It is astounding to me that Gilpin Faust could write such a dry, unemotional and even banal book about such a sad subject.

    But that must be why the spoiled brats with tenure at Harvard appreciate her. She’s no iconoclast. Unlike Larry Summers she’s one of them; a known quantity who won’t rock the boat.

  • Lorenz Gude

    My father taught me how to read the NY Times. He said. “Go ahead and read the article, but if you can “read the transcript.” Then I went to Columbia and we read Aristotle and Spinoza and Shakespeare and so on, not material that had been prepared for us by ‘the best’ professors. Generally textbooks are to university students what dummy rifles are to recruits. Summers reminds me of Edison who thought the main use of his invention would be to film that one, best professor in each field and be done with it. I like the British expression that you ‘go down to Oxford to read philosophy or physics.’ Or whatever. That’s what you have to do. Engage the material directly. You want to study John Ford – you watch his Westerns. Not kid yourself with a predigested book, movie. or iPad Author presentation about John Ford. There is an old fashioned word for that: gloss, from which we get glossary and glossy. Don’t get me wrong. I downloaded Author to my Mac yesterday and am about to start a training presentation on how to manage a WordPress blog for a client. But last week I fixed an Android phone that the owner and the phone shops had given up on by ‘going down to Oxford’. That is getting on the Internet and reading the forums and downloading the SDK and swotting. It works – even on the trivial glossy bits.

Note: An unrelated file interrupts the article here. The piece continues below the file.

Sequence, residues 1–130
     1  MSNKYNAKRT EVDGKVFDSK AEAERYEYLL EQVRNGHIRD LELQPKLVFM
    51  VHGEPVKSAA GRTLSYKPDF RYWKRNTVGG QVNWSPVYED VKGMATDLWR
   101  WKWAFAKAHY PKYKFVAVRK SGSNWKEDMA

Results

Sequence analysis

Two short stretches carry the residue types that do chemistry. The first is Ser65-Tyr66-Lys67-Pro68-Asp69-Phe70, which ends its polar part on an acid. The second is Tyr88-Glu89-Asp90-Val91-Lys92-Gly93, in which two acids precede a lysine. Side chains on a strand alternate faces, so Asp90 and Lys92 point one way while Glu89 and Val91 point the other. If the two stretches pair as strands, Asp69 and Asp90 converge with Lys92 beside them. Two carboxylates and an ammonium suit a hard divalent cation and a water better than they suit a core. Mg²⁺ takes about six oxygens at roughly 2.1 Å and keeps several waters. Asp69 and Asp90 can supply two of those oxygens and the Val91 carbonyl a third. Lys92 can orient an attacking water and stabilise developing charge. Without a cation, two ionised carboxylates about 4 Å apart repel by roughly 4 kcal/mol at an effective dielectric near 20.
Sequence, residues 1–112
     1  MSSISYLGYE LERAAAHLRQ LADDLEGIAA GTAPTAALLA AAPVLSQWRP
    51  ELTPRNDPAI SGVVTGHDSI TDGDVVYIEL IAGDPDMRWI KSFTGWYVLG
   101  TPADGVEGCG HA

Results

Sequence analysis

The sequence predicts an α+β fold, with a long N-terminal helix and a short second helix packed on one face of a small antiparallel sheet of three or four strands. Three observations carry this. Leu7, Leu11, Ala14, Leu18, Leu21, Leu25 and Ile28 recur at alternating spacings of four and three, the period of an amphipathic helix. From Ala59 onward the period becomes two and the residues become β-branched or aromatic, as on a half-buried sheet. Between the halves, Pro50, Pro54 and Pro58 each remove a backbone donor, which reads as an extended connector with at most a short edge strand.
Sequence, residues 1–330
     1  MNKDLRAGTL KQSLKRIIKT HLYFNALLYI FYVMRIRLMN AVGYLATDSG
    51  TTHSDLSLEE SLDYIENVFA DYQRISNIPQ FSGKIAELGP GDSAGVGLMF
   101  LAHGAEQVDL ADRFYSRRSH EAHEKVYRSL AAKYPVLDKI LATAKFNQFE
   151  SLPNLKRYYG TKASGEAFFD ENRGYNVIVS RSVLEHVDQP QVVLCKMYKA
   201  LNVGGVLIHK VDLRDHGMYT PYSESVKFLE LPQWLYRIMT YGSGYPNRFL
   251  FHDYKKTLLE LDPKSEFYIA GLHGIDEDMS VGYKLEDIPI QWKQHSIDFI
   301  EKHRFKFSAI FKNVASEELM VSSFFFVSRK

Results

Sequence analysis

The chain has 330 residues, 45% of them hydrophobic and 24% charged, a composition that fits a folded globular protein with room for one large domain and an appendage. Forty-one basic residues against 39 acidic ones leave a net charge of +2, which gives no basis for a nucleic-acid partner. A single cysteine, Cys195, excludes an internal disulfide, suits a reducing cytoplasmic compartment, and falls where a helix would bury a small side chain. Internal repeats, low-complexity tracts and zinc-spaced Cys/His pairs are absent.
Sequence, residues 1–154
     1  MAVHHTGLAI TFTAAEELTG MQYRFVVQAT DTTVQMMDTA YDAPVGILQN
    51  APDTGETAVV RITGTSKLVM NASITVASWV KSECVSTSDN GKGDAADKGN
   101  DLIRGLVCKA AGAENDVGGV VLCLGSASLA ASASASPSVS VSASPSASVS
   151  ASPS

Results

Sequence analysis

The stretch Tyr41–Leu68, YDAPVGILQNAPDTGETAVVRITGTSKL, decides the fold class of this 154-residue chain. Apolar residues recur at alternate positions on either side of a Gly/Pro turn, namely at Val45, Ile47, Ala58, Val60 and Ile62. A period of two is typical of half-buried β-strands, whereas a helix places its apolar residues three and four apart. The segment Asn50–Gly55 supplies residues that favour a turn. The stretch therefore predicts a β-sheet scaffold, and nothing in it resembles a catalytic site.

• Estragon

    For some reason (maybe it’s that old “can-do” American optimism!), the belief persists among our elites that people of average and sub-average intelligence can be turned into geniuses if only they’re given the right hi-tech gadgets.

    Really, you need two things: 1) ability to learn; 2) desire to learn. Absent one or the other or both, results will be disappointing. And let’s face it, a lot of people lack one or the other or both. Flashing lights and sounds aren’t going to change that. Real education (as opposed to training) will always be for the minority.

    For another example of this addiction to hi-tech fixes, check out Nicholas Negroponte’s scheme to drop laptops all over Africa. I can think of a lot of things that need to be fixed immediately in Africa; dropping computers on the poor kids there isn’t going to make much difference.

  • Eurydice

    It’s an interesting discussion overall, even if Nr. Summers’ specific conclusions aren’t all that interesting, or even well thought out. If an experienced military leader finds Thucydides is still useful 2,000 years later, who is Summers to say no? And the point of learning (or even trying to learn) another language isn’t to make oneself understood, it’s to understand how other people think (a problem we’re seeing today with the members of the EU). As for all that data-mining and probablities and statistics, I’m not sure how that works along with the realization that the human brain isn’t a rational computer, but perhaps Mr. Summers is trying to give his chosen field of study some future purpose – certainly, the current models have been problematic.

  • Mrs. Davis

    @Chase, Do you mean this Waldorf School? There’s demand for choice even in Silicone Valley. Doesn’t make every choice the right one.

  • RSC

    From my unscientific observations at a university library: collaborative projects are way over-rated. Think “lowest common denominator.” Group study is 25% study and 75% off-topic conversation. Useful only in catching up on the classes you cut. The best students still go mano a mano with the material.

  • Kris

    WRM@5: “somewhere tonight, an intern is weeping as the thumbscrews come out.”

    Nor was the intern particularly delighted when the thumbscrews went in.

  • dearieme

    Does Summers tell us how the chem lab is to be replaced? If you haven’t yourself analysed this or synthesised that, you ain’t had a chemical education.